If a material is thicker, it should be less transparent, right? It turns out that in Saturn's rings, that's not always the case. A new examination of the B ring shows that even though it's the most opaque of Saturn's rings, it's not the densest one.
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The puzzling result is not just isolated to this ring, either. Scientists have found similar results in other studies when looking at the gas giant's other rings, NASA said. This latest research comes from using the Cassini spacecraft, which is slowly wrapping up investigations at Saturn since arriving there in 2004.
"Appearances can be deceiving," said research co-author and Cassini co-investigator Phil Nicholson, at Cornell University in New York, in a NASA statement. "A good analogy is how a foggy meadow is much more opaque than a swimming pool, even though the pool is denser and contains a lot more water."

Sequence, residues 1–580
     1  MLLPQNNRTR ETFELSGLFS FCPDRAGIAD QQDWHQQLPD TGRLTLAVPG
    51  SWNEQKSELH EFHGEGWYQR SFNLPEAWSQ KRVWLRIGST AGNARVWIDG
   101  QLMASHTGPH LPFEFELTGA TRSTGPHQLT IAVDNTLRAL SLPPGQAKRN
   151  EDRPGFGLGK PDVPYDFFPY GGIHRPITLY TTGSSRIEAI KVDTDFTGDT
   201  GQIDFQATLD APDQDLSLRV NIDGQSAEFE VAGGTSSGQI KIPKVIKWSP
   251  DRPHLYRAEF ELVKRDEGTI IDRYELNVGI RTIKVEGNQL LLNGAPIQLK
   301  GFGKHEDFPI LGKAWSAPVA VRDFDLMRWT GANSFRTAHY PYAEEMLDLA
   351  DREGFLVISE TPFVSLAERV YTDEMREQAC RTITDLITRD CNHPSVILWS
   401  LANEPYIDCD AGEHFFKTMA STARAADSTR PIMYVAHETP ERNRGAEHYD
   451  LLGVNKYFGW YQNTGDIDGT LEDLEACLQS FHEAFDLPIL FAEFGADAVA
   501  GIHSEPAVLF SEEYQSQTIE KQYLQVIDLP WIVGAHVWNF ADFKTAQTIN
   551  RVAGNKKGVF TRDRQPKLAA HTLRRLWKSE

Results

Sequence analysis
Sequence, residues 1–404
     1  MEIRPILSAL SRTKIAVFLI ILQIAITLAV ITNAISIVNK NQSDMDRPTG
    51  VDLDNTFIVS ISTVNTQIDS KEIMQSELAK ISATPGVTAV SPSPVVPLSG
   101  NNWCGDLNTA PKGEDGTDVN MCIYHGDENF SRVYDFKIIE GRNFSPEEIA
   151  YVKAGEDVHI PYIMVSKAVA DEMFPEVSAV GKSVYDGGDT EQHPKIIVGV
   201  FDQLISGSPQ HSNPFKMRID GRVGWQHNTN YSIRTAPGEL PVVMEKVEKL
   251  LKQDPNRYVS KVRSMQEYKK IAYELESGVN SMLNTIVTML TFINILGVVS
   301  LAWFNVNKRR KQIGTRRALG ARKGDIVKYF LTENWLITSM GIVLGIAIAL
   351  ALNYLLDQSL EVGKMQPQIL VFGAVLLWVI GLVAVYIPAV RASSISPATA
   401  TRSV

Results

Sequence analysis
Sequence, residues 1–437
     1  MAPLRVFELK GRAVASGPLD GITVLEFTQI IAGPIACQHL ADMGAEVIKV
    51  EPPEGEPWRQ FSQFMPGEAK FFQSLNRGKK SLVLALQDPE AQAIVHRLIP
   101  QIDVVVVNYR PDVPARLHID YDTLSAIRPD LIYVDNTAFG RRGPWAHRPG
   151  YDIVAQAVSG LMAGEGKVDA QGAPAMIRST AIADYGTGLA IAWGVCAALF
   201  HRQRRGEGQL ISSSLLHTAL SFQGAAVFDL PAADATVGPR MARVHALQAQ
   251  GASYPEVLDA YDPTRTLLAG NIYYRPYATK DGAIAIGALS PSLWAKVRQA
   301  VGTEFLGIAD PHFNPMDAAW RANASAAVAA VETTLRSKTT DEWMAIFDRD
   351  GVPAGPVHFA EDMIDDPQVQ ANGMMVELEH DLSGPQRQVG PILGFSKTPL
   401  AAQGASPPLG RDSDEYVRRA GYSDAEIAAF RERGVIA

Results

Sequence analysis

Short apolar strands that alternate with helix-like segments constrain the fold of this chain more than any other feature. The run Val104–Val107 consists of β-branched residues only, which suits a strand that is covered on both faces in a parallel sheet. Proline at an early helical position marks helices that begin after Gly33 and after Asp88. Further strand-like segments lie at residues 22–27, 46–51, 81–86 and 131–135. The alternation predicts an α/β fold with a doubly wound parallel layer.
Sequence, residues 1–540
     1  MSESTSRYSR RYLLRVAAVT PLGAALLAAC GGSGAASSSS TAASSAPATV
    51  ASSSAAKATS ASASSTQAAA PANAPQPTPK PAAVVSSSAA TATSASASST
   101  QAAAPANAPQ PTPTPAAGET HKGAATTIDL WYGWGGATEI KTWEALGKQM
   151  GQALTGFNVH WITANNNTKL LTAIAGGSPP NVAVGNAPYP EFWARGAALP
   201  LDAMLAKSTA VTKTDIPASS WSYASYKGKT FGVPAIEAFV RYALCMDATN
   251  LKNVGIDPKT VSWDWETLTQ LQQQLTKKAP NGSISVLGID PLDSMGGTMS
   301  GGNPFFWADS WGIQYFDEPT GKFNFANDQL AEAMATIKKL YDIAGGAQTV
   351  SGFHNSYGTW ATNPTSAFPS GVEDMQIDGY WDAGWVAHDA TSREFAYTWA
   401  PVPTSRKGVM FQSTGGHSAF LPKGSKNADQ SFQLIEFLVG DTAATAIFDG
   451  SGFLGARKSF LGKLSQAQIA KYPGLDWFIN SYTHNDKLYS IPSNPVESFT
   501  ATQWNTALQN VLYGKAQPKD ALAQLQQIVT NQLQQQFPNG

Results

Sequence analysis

The research team looked at the ring's mass density by studying spiral density waves. These features appear when ring particles move under the influence of gravity - gravity from Saturn's moons as well as the huge gas giant planet itself. Each wave's structure depends on how dense it is, and the effect of gravity. Scientists now know that the B ring is less dense than it appears, but the full reason is still a mystery.